Joshua Tree (Yucca brevifolia)

The Joshua tree has become an important symbol of the Mojave Desert.  Named after the biblical figure Joshua by Mormon Pioneers, Joshua Trees grow best at elevations between 2,000 and 6,000 feet, prefer flat or gently sloping terrain, and are usually supplanted on steep hills within their range by black brush and other scrubs. The largest specimens can be massive, over 32 feet in height with a trunk circumference of 12 feet. They do not have growth rings like true trees, so determining their age can be difficult, one Joshua tree in the Joshua Tree National Park has been estimated to be about 900 years old.

There are two recognized sub species of Joshua trees: Yucca brevifolia brevifolia and Yucca brevifolia jaegeriana. Yucca brevifolia brevifolia are found in the western and southern Mojave Desert and are the largest of the Joshua trees. In addition, they have relatively long leaves and branch only after they have flowered. Look for them in Joshua tree National Park, Yucca Valley, Palmdale and Saddleback Butte State Park. Yucca brevifolia brevifolia is protected by various cities within the High Desert. Yucca brevifolia jaegeriana is found in the eastern Mojave Desert. This species is smaller and tends to be denser, with smaller leaves and can branch before its first flowering. Excellent populations can be found within the Mojave National Preserve.  Cima Dome in the Mojave Preserve contains one of the densest and largest populations of Yucca brevifolia jaegeriana in existence.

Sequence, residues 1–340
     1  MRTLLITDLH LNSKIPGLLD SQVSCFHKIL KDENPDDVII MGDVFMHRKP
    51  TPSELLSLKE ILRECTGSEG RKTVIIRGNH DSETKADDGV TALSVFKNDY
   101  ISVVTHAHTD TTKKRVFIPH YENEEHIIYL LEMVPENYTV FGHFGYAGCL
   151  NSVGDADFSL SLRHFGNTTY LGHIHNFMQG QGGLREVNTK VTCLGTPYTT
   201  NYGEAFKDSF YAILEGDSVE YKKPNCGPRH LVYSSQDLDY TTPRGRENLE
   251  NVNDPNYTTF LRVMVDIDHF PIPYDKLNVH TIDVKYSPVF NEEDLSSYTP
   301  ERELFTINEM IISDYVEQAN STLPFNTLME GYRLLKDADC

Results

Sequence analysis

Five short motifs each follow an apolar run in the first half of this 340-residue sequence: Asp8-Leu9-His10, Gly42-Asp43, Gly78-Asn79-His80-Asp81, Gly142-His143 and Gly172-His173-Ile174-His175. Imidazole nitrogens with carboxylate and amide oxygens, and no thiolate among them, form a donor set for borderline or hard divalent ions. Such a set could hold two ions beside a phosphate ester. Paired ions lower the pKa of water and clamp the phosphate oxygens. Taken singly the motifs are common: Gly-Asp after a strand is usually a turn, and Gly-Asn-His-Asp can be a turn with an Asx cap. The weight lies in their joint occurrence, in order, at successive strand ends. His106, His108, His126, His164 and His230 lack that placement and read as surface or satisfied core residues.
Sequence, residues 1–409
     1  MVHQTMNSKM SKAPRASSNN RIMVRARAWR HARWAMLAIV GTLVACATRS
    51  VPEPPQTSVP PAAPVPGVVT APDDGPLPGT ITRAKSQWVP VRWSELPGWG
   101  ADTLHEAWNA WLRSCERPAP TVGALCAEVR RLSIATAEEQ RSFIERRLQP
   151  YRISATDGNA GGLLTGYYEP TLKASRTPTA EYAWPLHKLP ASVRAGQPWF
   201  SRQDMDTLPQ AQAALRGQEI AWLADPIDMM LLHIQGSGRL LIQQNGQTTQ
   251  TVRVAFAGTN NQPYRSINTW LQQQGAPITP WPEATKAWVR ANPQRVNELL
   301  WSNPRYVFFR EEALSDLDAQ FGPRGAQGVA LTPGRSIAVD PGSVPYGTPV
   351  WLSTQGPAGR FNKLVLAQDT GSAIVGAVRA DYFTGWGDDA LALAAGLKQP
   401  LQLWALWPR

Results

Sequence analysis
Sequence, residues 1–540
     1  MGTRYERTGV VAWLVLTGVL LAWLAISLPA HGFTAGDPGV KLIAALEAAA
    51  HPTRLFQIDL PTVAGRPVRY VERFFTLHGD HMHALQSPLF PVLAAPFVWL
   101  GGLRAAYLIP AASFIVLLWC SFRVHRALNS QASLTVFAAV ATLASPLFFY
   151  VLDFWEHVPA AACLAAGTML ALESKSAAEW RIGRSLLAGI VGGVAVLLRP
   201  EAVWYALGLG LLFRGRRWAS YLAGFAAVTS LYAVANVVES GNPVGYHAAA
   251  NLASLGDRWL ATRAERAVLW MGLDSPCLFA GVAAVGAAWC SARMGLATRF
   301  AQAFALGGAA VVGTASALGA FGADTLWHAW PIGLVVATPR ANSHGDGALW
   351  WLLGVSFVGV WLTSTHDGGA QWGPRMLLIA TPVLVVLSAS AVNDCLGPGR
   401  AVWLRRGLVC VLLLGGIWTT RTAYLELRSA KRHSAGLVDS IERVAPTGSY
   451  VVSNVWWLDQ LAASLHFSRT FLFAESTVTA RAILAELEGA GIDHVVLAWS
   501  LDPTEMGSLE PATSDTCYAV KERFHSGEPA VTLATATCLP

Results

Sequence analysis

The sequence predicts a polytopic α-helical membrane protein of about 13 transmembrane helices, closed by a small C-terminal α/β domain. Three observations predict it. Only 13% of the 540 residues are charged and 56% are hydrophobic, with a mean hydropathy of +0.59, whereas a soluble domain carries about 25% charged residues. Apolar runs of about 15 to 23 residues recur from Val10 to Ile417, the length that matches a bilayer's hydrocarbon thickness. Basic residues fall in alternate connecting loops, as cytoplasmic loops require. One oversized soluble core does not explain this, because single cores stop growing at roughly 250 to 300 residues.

Germination is associated with abundant winter precipitation. Grazing animals from cows and deer down to small rodents usually eat the young Joshua sprouts, so most trees begin life in the protective canopy of a bush. After several years of growth the dagger like leaves provide protection, and eventually it grows up and out of the protector plant. Mature plants produce white flowers, and a good Joshua tree bloom is one of the delights of the Mojave Desert. 

Until the creation of the Mojave National Preserve no population of Yucca brevifolia jaegeriana was protected. Joshua trees are protected under many city and county ordinances, and within the Mojave Preserve.